Prof Pranab Bardhan in the Financial Times on “What does this authoritarian moment mean for developing countries?”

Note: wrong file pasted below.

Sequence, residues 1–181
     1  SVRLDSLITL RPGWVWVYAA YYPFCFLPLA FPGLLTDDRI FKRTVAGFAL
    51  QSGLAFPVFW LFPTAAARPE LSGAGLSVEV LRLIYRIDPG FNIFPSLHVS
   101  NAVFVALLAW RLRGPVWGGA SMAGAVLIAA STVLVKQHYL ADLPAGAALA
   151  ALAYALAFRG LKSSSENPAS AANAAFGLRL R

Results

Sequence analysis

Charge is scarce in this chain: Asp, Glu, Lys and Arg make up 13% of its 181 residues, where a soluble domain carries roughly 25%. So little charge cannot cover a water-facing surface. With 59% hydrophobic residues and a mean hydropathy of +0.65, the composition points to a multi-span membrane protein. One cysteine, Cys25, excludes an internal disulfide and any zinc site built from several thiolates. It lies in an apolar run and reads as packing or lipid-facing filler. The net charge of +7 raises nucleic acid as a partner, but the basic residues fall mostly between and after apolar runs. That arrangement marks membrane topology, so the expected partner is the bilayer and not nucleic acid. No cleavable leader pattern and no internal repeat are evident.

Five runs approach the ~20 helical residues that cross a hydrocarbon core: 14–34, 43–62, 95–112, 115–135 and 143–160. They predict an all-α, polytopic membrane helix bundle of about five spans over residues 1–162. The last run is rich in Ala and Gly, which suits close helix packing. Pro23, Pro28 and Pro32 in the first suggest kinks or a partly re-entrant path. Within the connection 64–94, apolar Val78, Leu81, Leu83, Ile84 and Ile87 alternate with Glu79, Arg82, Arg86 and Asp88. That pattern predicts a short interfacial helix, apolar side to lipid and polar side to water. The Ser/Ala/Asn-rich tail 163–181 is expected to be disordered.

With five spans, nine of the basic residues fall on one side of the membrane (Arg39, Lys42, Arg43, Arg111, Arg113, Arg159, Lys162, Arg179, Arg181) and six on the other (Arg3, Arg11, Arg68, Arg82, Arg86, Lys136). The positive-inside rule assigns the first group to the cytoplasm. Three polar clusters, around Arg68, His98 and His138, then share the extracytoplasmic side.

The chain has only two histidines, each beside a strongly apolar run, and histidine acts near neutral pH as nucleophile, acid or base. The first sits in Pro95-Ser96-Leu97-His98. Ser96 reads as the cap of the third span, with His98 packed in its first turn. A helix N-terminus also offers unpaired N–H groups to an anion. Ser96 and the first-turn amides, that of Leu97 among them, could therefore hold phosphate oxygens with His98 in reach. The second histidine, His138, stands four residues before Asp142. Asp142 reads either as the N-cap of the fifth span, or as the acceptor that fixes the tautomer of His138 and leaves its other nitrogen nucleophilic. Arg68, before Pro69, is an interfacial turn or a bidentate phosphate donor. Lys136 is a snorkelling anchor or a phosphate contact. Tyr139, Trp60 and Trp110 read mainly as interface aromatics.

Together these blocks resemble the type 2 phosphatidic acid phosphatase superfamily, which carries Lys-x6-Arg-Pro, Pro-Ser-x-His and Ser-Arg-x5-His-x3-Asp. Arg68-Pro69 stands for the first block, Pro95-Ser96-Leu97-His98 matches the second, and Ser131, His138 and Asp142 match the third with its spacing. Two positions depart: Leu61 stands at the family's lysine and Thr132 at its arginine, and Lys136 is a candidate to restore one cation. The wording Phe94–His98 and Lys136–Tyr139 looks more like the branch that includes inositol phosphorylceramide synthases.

India’s experience suggests that democracy can also hinder development in a number of ways. Competitive populism– short-run pandering and handouts to win elections– may hurt long-run investment, particularly in physical infrastructure, which is the key bottleneck for Indian development. Such political arrangements make it difficult, for example, to charge user fees for roads, electricity, and irrigation, discouraging investment in these areas, unlike in China where infrastructure companies charge full commercial rates. Competitive populism also makes it difficult to carry out policy experimentation of the kind the Chinese excelled in: for example, it is harder to cut losses and retreat from a failed project in India, which, with its inevitable job losses and bail-out pressures, has electoral consequences that discourage leaders from carrying out policy experimentation in the first place. Finally, democracy’s slow decision-making processes can be costly in a world of fast-changing markets and technology.